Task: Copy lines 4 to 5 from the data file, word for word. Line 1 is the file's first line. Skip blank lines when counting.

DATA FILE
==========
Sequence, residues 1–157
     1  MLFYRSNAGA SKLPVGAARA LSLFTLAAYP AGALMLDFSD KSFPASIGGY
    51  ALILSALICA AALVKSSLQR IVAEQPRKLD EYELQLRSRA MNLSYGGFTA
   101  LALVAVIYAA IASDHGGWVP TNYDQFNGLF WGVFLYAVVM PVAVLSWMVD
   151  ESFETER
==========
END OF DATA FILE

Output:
   101  LALVAVIYAA IASDHGGWVP TNYDQFNGLF WGVFLYAVVM PVAVLSWMVD
   151  ESFETER